Man is like a tree. His heart, not his will alone, is the root. There is no possible way by which the will can choose to produce fruit contrary to the character of the root. If the root is bad, the tree is bound by its very nature to produce evil fruit.  Man is like a person standing alongside his treasure chest. There is no possibility of bringing pure gold out of a box filled only with rusty steel. The contents of the heart determine what words and deeds may be brought out. Far from being neutral, the will must reach into the heart for its choices. Every thought, word and deed will partake of the nature of the treasure within.   Man is like a stream which cannot rise above its source. If the fountain is polluted, the outflow will be evil. If the source be sweet, the stream will not be bitter and cannot choose to be so.

These three illustrations alike contain the same lesson. What a man is determines what he chooses. Choices of the will always reveal the character of the heart, because the heart determines the choices. Men are not sinners because they choose to sin; they choose to sin because they are sinners. If this were not so, we could never know a tree by its fruits, nor could we judge a man’s character by his acts.

III. Man’s Will is in Bondage to Sin. The chains which bind a man’s will to sin do not result from the actions of the Omnipotent GOD. The binding chains are the man’s own depraved faculties. The prison is his own nature.

Our LORD’s rhetorical question in verse 34 brings this home with force: ‘O generation of vipers, how can ye, being evil, speak good things ?’ Our wise LORD is suggesting that a man must speak as he does because of what he is. To sinners He was saying ‘You are unable to choose good words because you possess an evil heart. If the tree is bad, if the treasure chest is filled with evil things alone, if the fountain is bitter, your will cannot produce good words [fruits, treasures, overflow].’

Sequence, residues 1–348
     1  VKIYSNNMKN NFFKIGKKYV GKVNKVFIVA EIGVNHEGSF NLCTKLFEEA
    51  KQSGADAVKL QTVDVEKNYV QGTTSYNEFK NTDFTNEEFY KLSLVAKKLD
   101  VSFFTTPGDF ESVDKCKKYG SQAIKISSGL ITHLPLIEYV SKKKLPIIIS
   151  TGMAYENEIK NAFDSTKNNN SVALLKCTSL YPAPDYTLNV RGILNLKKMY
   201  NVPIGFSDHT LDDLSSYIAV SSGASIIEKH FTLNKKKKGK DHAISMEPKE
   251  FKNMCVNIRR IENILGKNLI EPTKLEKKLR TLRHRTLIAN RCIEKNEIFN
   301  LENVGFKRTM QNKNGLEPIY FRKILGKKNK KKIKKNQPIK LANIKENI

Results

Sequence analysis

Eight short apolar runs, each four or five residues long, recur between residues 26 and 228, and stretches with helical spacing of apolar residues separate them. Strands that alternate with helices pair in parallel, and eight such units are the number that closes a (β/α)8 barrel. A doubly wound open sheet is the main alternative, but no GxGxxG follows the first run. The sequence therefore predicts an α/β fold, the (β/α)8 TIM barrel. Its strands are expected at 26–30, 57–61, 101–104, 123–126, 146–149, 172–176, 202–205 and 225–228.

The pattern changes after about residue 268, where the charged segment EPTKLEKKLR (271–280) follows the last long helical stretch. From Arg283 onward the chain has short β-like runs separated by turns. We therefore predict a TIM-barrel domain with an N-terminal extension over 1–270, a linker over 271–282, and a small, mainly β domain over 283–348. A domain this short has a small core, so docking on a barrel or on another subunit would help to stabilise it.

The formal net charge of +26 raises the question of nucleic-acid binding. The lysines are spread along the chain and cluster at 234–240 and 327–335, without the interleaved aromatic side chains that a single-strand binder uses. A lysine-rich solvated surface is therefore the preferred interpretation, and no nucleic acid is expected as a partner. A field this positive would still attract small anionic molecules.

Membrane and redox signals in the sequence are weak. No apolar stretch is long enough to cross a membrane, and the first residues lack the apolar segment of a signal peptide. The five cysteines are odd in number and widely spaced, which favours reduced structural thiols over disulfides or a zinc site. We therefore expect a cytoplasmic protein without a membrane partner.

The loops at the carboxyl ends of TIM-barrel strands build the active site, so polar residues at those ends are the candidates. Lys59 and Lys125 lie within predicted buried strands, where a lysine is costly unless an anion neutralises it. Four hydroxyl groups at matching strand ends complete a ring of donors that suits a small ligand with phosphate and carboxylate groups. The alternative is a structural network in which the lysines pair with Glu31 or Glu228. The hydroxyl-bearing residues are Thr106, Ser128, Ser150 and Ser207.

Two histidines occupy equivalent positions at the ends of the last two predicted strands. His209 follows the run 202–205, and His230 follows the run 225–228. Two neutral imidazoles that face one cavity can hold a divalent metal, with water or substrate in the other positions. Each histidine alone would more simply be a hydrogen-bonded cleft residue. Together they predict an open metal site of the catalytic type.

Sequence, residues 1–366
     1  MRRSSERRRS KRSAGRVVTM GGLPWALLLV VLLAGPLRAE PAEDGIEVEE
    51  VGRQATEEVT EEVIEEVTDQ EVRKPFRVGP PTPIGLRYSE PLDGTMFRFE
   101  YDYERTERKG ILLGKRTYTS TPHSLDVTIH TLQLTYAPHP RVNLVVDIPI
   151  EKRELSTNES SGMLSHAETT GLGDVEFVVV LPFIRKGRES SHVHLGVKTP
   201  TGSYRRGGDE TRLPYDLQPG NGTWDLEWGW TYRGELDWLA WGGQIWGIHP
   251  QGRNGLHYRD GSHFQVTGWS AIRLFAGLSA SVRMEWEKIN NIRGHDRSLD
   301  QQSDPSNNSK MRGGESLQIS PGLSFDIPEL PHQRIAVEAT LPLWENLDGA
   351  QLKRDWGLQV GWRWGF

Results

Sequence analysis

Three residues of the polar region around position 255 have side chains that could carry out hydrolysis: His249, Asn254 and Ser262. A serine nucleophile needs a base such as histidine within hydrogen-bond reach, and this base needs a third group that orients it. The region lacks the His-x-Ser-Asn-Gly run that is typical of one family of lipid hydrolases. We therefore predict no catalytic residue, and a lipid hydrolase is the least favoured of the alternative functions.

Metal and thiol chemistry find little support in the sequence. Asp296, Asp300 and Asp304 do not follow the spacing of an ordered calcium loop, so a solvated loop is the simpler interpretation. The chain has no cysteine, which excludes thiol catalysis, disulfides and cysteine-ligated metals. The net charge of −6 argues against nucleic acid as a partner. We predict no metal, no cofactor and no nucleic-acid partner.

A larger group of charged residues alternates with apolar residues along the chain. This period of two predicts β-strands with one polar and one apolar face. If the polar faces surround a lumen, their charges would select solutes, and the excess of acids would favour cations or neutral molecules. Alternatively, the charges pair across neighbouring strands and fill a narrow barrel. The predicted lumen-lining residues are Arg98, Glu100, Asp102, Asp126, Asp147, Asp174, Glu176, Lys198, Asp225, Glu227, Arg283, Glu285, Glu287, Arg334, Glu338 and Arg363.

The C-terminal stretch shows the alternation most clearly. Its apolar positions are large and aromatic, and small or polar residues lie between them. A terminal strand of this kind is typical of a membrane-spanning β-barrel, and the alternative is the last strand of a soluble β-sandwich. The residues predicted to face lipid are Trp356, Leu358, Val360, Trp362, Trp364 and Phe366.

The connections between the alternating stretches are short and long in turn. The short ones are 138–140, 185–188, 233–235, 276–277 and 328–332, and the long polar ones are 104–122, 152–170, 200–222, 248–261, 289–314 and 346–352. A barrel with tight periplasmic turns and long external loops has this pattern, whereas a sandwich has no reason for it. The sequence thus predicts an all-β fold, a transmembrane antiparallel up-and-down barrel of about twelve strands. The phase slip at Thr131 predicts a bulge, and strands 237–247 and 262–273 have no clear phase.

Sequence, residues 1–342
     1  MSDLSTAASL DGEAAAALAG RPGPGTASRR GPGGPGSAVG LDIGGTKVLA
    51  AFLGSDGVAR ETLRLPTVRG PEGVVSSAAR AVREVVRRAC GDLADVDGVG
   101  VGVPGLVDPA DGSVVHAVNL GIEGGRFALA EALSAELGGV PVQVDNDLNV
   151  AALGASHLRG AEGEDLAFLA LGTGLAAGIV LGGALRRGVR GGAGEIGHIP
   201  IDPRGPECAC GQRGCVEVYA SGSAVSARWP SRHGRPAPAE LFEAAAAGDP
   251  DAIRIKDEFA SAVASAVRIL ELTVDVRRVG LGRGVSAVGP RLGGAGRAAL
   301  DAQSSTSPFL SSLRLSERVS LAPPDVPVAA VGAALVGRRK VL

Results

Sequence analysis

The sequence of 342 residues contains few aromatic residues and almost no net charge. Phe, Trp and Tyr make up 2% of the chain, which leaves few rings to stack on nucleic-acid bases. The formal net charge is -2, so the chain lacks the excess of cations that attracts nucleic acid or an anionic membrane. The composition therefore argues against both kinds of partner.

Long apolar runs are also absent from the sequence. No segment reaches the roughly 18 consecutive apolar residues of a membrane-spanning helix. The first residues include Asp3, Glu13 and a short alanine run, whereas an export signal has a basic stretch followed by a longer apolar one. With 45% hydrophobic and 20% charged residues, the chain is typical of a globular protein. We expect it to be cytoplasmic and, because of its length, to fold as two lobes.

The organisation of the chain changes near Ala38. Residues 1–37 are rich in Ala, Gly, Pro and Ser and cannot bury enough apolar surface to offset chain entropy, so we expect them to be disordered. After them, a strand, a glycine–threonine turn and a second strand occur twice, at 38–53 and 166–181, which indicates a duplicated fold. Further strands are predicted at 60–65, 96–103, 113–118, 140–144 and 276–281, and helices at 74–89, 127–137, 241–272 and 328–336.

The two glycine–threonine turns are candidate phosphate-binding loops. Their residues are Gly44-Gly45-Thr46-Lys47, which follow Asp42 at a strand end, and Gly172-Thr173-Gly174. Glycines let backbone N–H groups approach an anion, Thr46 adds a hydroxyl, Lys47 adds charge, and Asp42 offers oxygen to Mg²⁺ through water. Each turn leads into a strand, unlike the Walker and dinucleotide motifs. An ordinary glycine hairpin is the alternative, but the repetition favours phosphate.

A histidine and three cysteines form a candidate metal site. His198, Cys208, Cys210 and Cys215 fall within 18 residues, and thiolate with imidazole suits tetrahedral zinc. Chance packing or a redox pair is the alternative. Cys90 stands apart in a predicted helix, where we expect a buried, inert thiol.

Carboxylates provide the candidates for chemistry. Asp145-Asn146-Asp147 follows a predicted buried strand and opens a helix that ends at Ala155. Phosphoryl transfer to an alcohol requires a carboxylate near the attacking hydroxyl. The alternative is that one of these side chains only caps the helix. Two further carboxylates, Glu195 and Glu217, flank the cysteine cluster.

At this point there are very many scriptures which attest to a man’s bondage to sin by his own nature. To mention but a few – Jeremiah 13.23: ‘Can the Ethiopian change his skin, or the leopard his spots? Then may ye also do good, that are accustomed to do evil;’ John 6.44: ‘No man can come to me, except the Father which hath sent me draw him;’ Romans 8.7: ‘The carnal mind . . . is not subject to the law of GOD, neither indeed can be.’

Lazarus in his tomb had no ability to respond when our LORD commanded, ‘Come forth.’ The man who had been impotent for 38 years had no native ability to obey when Jesus commanded him to take up his bed and walk. Nor have modern sinners ability to believe when we preach. ‘This is his commandment, that we believe on the name of his Son Jesus Christ’ [I John 3.23].

When a sinner refuses to come to Christ, he is guilty because he has made a free choice. It reflects his own state of mind, feeling and attitude toward GOD and His Son. He has acted voluntarily without coercion. It is his decision. But the poor sinner, dead in trespasses and sins, could not do otherwise, being evil. It is not necessary for him to have a neutral will, or the ability to do both good and evil, for his action to be held accountable before the Judge of all hearts.

IV. Man’s Will is not his Hope. Our LORD has taught that the tree must be made good. Man must be renewed in his entire character. He must have a new heart to bring forth good fruit; the will cannot make the tree good; it may only exercise liberty to be what the tree already is. The will cannot reload the treasure chest with a new kind of goods; it may only freely bring forth what is there. The will cannot cleanse the fountainhead; it may overflow only with the waters available in the soul.

Any gospel preaching that relies upon an act of the human will for the conversion of sinners has missed the mark. Any sinner who supposes that his will has the strength to do any good accompanying salvation is greatly deluded and far from the kingdom. We are cast back upon the regenerating work of the Spirit of the living GOD to make the tree good. Unless GOD does something in the sinner, unless GOD creates a clean heart and renews a right spirit within man, there is no hope of a saving change.

While we address the wills of men in gospel preaching, they are wills bound in the grave clothes of an evil heart. But as we speak, and the LORD owns His word, sinners are quickened to life by divine power. His people are made willing in the day of His power [Psa 110.3]. All who are adopted as sons of GOD were ‘born not of the will of man, but of GOD.’ [John 1. 13] We stand to preach with no power to make the tree good. The ‘trees’ before us cannot make themselves good, so no gimmicks or policies of men can persuade them to make the change. But our glorious GOD, by inward, secret, transforming power, can make the tree good, the treasures good, the fountain good. Thus all glory be to GOD and to the Lamb! Salvation is of the LORD!

“The above is excerpted from a longer article found here, which was reproduced by permission from THE BANNER OF TRUTH magazine, Issue 140, May 1975.”